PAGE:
Food & Nutrition

Americans' use of many (but not all) dietary supplements declined between 1999 and 2012, is welcomed. But the increased use of some -- particularly vitamin D -- can have deleterious health effects. Hopefully, consumers will pay more attention to the science about supplements, and less to hyperbolic media reports about the latest "miracle" supplement.
The ADA and the CDC are among many groups which advocate for public health. All of them, including some 90 others, received occasional funding, in some fashion, from a large soda company in the past. And they are implicated in the American obesity epidemic. But you have to look a bit more closely to see what's really going on.
The CDC recently released data on the prevalence of tobacco use, and there's a regional pattern. Tobacco is most popular in Midwestern and Southern states, where roughly 20 to 25 percent of the population smokes. Meanwhile, as maps reveal, those same regions struggle with the highest percentages of people with obesity.
Northern California is home to a number of questionable lawsuits against various manufacturers, based mostly on activists trying to scare people to improve their own bottom lines. But there are places to find reliable health and wellness information, and the Council is one of them.
We did not evolve in a world of plentiful food; instead nature was out to kill us. Today, food is a commodity and when something becomes a commodity, it takes a while for culture to catch up. Science has outpaced our cultural maturity, and it has led to a certain amount of doublethink about food.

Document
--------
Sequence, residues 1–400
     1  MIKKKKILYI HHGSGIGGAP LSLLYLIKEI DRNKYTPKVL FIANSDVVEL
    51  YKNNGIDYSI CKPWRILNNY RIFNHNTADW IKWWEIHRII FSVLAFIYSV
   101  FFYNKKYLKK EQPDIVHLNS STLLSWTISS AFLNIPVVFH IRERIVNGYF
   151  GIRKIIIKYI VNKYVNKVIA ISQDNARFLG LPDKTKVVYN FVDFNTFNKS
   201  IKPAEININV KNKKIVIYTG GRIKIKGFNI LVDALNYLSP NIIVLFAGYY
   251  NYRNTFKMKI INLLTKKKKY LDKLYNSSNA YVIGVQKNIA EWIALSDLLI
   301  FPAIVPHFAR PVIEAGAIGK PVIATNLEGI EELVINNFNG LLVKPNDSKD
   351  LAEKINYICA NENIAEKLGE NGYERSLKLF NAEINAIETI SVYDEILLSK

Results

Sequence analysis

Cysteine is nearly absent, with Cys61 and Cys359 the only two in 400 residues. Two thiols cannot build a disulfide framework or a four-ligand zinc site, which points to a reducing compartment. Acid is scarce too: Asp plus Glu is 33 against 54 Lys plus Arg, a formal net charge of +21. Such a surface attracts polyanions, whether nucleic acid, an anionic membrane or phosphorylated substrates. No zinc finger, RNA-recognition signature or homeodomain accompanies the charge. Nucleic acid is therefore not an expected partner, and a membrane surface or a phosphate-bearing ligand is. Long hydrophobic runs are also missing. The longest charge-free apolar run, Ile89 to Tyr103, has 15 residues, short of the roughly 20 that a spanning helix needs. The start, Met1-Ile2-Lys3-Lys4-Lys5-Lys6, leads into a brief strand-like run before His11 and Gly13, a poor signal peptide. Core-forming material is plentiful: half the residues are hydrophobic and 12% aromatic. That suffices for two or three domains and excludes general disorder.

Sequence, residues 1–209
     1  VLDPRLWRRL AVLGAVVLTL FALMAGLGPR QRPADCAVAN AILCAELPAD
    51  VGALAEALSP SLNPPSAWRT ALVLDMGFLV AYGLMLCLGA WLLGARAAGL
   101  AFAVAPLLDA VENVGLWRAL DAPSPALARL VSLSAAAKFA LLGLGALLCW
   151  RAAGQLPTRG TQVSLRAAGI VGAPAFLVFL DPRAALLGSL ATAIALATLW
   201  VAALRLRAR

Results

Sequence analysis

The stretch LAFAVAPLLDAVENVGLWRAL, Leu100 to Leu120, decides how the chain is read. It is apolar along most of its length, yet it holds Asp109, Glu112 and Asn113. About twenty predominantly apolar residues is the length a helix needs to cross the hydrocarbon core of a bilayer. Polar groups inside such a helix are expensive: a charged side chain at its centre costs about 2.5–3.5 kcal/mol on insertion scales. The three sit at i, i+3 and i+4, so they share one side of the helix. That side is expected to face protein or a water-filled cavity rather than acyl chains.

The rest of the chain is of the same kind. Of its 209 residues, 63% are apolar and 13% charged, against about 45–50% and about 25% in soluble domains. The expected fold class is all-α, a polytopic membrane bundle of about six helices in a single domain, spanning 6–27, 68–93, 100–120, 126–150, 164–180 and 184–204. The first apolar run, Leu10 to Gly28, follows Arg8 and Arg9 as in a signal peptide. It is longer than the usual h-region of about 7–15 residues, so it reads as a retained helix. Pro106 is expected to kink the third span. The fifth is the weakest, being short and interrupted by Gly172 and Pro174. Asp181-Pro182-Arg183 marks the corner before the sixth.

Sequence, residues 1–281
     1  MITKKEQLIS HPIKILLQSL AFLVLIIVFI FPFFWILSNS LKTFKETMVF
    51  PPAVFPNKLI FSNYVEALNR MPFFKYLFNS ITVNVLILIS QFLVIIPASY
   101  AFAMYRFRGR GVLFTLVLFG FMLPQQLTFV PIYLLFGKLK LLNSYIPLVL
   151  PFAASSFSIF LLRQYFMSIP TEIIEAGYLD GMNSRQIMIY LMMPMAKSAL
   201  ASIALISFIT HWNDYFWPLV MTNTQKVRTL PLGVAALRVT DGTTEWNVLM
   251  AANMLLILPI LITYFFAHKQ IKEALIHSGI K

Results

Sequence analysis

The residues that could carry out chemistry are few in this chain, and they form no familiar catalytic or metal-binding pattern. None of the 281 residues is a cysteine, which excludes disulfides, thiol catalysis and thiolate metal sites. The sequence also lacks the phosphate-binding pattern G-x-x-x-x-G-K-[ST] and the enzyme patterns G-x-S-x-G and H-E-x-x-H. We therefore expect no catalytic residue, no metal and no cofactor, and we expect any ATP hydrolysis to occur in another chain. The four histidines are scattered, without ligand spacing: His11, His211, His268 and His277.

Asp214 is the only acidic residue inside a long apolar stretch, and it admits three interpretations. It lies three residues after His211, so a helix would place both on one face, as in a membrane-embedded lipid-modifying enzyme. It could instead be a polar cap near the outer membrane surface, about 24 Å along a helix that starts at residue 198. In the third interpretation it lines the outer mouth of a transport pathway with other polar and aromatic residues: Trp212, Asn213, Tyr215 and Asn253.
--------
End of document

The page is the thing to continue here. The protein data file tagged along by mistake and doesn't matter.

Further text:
Cryotherapy Believer
First, it was the half-baked nuttiness of infrared saunas. Now comes cryotherapy, a full-body chamber offering insanely cold temperatures that its purveyors say can cure just about everything and anything -- that is, if you're gullible enough to believe them. And if it doesn't kill you, like it did last year to a 24-year-old Nevada woman.
Much current nutrition research aims to clarify possible links between eating and getting various diseases. Is diet really responsible for cancer? For multiple sclerosis? Hard to tell, because it's really hard to know what people really eat.
Since they're still growing, the nutritional requirements of young athletes differ to some extent from those of their more sedentary age-mates. A new review article takes these into account and provides some guidance that should help keep these youngsters active and healthy. Hopefully the habit of regular activity will last into their adult years.
Too many raisins will kill you, too.
A closer look at food science reveals that a tax on sugary drinks (such as soda, sports drinks, and tea), a policy being pondered by voters in the San Francisco Bay area, is deeply misguided. We get sugar in our diets from many different sources, some of which we would consider "healthy" foods. 
Time for a chemistry lesson.
Beer is chemically complex. Many different molecules are responsible for its wide variety of tastes and colors. Some of the least studied are those produced as a result of the Maillard reaction. Famous in kitchens worldwide, this reaction is responsible for the browning of meats and bread that occurs at high temperatures, when amino acids and sugars chemically combine.
Here's a dirty secret you might not be aware of: Scientists get grants because of work they have already done. Instead of being lured by money, Professor Stare, the founder of Harvard's Department of Nutrition, was a co-author on Panic In The Pantry in 1976, precisely because he saw the discourse had been hijacked by groups out to scare people about food.
Golden rice — bioengineered to contain beta-carotene — has the potential to decrease the toll of blindness and mortality due to vitamin A deficiency in the developing world. A new study modeled this potential when varying degrees of substitution and beta carotene content are involved. For the poorest, the benefit can be substantial.